Jack's Reviews

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Hope no one minds me having a review thread. Not that I'll likely be able to compete with the very good other threads that are here, but I enjoy watching and writing about films so thought I might as well have a thread.

Basic layout for reviews will be title (always comes in handy, I find), usual director and cast info, a write-up by me, a rating (given out of ten), and any miscellaneous stuff I feel it's necessary to insert.


Listing of films reviewed:
10 Rillington Place (1971) -

12 Angry Men (1957) -

2001: A Space Odyssey (1968) -

A Clockwork Orange (1971) -

A Fistful of Dollars (1964) -

After Hours (1985) -

Airplane! (1980) -

Alien (1979) -

An American Werewolf in London (1981) -

Annie Hall (1977) -

Apocalypse Now (1979) -

Arlington Road (1999) -

Assault on Precinct 13 (1976) -

A View to a Kill (1985) -

Bad Influence (1990) -

Badlands (1973) -

Blood Simple (1984) -

Blow Out (1981) -

Blue Ruin (2013) -

Blue Velvet (1986) -

Body Double (1984) -

Boyhood (2014) -

Bring Me the Head of Alfredo Garcia (1974) -

Captain Phillips (2013) -

Carrie (1976) -

Chinatown (1974) -

Deliverance (1972) -

Dirty Harry (1971) -

Django Unchained (2012) -

Dog Day Afternoon (1975) -

Don't Look Now (1973) -

Drive (2011) -

Duel (1971) -

Eraserhead (1977) -

Escape from Alcatraz (1979) -

Falling Down (1993) -

Fargo (1996) -

Five Easy Pieces (1970) -

Gone Girl (2014) -

Goodfellas (1990) -

Gravity (2013) -

Halloween (1978) -

Harakiri (1962) -

Her (2013) -

Identity (2003) -

Inglourious Basterds (2009) -

Jaws (1975) -

Manhattan (1976) -

Mean Streets (1973) -

Miller's Crossing (1990) -

Misery (1990) -

Monty Python and the Holy Grail (1975) -

Mystic River (2003) -

Night Moves (1975) -

No Country for Old Men (2007) -

One Flew Over the Cuckoo's Nest (1975) -

Pacific Heights (1990) -

Planes, Trains and Automobiles (1987) -

Play Misty for Me (1971) -

Pulp Fiction (1994) -

Raising Arizona (1987) -

Rocky (1976) -

Seven Samurai (1954) -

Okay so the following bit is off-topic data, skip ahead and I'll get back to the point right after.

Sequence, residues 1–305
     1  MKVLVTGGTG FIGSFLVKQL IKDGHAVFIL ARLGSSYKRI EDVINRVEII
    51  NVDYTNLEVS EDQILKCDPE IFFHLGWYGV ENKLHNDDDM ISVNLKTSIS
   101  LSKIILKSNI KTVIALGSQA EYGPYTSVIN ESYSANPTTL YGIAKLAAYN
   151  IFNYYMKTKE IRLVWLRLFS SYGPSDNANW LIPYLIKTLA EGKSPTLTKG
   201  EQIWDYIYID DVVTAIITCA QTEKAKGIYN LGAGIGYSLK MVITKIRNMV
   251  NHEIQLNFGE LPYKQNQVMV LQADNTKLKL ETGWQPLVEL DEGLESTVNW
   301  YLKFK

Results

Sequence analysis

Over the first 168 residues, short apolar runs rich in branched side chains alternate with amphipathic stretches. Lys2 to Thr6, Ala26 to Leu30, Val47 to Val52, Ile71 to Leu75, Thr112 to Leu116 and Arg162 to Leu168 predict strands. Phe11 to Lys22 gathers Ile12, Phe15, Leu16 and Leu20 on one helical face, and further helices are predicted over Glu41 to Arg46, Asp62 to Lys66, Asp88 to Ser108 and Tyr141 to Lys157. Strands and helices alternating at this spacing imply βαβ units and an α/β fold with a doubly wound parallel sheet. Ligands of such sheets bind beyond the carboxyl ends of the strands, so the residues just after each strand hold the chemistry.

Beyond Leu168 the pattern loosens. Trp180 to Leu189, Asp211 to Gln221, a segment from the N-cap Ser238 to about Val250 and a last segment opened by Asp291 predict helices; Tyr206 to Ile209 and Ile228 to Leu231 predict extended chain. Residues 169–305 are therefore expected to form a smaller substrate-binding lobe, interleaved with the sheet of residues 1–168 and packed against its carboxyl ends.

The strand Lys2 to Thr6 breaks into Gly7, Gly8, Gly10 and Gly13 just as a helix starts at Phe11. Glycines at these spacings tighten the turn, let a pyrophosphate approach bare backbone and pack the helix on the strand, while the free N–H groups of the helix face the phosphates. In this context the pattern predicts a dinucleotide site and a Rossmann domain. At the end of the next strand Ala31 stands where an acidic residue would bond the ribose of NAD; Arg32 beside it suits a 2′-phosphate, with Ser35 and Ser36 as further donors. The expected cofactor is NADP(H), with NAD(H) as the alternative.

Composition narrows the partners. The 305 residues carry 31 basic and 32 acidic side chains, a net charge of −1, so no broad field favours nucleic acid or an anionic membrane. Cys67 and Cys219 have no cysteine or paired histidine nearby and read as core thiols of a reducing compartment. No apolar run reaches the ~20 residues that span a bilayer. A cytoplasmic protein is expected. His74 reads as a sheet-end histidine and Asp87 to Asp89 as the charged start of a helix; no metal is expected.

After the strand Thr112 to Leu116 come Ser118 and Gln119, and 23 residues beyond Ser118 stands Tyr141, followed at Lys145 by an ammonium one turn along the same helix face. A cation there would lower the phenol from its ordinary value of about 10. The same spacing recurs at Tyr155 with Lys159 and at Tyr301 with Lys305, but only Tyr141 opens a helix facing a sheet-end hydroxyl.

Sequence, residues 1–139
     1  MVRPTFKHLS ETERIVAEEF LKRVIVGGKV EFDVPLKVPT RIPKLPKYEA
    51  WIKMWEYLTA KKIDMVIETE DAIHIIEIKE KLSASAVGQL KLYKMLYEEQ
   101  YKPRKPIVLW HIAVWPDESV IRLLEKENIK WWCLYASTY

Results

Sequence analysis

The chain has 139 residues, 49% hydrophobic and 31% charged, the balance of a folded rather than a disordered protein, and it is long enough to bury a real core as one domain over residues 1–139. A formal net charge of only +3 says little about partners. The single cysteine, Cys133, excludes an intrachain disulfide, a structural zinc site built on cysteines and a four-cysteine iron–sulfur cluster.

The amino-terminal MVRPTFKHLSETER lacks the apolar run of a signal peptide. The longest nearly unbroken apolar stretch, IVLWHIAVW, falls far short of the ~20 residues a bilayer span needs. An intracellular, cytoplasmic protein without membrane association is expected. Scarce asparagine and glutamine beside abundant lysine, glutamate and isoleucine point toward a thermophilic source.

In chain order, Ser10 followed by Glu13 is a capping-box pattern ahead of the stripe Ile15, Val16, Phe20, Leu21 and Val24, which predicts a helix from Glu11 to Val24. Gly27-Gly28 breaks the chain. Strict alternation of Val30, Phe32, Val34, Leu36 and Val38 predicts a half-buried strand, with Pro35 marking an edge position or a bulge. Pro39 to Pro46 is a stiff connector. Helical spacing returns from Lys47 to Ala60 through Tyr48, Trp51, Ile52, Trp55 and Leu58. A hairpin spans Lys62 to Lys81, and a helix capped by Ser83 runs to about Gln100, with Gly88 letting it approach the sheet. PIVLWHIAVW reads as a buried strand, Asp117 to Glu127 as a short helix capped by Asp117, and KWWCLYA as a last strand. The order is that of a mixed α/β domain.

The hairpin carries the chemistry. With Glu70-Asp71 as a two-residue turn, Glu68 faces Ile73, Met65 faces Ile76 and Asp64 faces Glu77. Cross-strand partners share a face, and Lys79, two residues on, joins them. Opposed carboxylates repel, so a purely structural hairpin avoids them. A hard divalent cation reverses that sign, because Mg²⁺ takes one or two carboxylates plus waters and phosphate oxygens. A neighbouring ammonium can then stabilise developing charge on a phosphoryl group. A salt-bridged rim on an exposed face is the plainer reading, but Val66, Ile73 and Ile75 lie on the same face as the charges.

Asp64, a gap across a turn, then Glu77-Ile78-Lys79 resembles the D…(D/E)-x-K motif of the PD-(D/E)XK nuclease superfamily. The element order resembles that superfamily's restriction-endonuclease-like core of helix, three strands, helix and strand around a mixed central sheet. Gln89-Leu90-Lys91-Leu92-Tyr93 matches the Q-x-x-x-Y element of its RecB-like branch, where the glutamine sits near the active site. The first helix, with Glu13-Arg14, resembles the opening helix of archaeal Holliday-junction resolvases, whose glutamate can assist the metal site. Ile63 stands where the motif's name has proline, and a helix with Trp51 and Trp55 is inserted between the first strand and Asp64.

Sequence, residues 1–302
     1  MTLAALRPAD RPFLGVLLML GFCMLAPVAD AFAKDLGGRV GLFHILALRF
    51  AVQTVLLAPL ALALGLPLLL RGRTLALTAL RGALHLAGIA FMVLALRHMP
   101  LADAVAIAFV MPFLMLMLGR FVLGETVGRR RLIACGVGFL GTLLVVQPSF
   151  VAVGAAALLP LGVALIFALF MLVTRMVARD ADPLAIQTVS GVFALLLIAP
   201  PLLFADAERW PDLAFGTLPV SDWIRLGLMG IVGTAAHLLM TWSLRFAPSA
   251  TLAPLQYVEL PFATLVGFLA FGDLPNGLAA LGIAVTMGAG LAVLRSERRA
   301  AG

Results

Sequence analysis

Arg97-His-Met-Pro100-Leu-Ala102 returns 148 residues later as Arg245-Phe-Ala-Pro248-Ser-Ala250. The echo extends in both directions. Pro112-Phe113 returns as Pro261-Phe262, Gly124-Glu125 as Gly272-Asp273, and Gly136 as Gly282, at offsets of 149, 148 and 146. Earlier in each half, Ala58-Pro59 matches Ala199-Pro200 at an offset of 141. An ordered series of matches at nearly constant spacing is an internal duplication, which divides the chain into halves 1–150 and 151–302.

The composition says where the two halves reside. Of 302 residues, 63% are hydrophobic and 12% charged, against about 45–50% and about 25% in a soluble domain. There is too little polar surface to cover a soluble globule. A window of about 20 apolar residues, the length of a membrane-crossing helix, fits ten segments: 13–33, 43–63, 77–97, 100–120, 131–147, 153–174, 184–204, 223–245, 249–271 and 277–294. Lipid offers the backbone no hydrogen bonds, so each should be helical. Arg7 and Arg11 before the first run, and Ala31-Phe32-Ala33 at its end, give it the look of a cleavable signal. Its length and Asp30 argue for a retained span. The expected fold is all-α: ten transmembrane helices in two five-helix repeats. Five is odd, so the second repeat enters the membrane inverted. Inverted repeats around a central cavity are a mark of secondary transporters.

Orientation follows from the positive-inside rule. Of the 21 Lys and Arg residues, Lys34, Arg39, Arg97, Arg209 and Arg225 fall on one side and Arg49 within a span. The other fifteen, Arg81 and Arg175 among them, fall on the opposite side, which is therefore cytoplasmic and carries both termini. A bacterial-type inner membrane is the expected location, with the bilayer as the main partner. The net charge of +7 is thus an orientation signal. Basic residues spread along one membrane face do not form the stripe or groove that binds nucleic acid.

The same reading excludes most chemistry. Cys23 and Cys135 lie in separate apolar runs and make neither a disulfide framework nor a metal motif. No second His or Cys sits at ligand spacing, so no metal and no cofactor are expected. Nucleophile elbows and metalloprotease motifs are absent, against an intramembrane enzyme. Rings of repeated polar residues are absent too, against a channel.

Shallow Grave (1994) -

Shutter Island (2010) -

Sisters (1973) -

Sorcerer (1977) -

Star Wars: Episode IV - A New Hope (1977) -

Star Wars: Episode V - The Empire Strikes Back (1980) -

Talk Radio (1988) -

Taxi Driver (1976) -

The Avengers (2012) -

The Changeling (1980) -

The Comfort of Strangers (1990) -

The Conversation (1974) -

The Dark Knight Rises (2012) -

The Edge (1997) -

The Exorcist (1973) -

The French Connection (1971) -

The Fugitive (1993) -

The Godfather (1972) -

The Godfather: Part II (1974) -

The Good, the Bad and the Ugly (1966) -

The Grand Budapest Hotel (2014) -

The Passion of Joan of Arc (1928) -

The Shining (1980) -

The Sting (1973) -

The Taking of Pelham 123 (2009) -

The Taking of Pelham One Two Three (1974) -

The Towering Inferno (1974) -

The Two Faces of January (2014) -

The Warriors (1979) -

The Wolf of Wall Street (2013) -

Thief (1981) -

Vanishing Point (1971) -

Wolf Creek (2005) -

Review count: 93

"Hey Look it's Masterman"
Always good to see more review threads.
--I Find Your Lack Of Faith Disturbing.

Dirty Harry (1971)

Director: Don Siegel
Cast overview: Clint Eastwood, Andy Robinson
Running time: 102 minutes

The crime film to influence all crime films. Perhaps that pithy opening remark is a bit over-the-top, but you can't doubt that Dirty Harry has been tremendously influential in setting the benchmark and the direction for future films in the genre. The premise itself is incredibly simple - and nowadays cliche: a serial killer that our police detective hero must catch. The stories themselves are ten-a-penny, although perhaps they weren't in 1971. Still, there a few vital details that raise this above the masses of average crime films.

Firstly, the soundtrack. Lalo Schifrin's score is one of the best I've heard for a film - and almost certainly my favourite. It sounded well ahead of its time and, in my opinion, stands up today as well as any other similar soundtrack from the era. You may know Schifrin for scores such as the Mission: Impossible theme and Bullitt. Dirty Harry's music is funky, energetic, and perfectly fitting for a seventies crime film, infused with the grit and realism that abounds the film.

The acting is also great. Obviously Eastwood is known for roles such as this, and it's not hard to see why as he plays them so well. Harry Callahan is flawed, but also has the determination and passion that endears him to the audience. As a film character, I don't think there are many more iconic. Andy Robinson as Scorpio is magnificent. This remains his most famous role, and he played the maniac to a tee, delivering spittle-filled outbursts of nuttiness with aplomb. The supporting cast also play their roles well, with Harry Guardino as frustrated police boss Bressler and John Vernon as The Mayor both providing effective balance to Eastwood's maverick role.

Overall, this is a defining film, not just in the crime genre, but as a time-capsule movie that still holds up today as a film with plenty of rewatch value - and, most importantly, it's all entertainment. From the first minute to the last, you'll be hooked.

Harry Callahan: I know what you're thinking, punk. You're thinking "did he fire six shots or only five?" Now to tell you the truth I forgot myself in all this excitement. But being this is a .44 Magnum, the most powerful handgun in the world and will blow you head clean off, you've gotta ask yourself a question: "Do I feel lucky?" Well, do ya, punk?

Gonzales: There is one question, Inspector Callahan: Why do they call you "Dirty Harry"?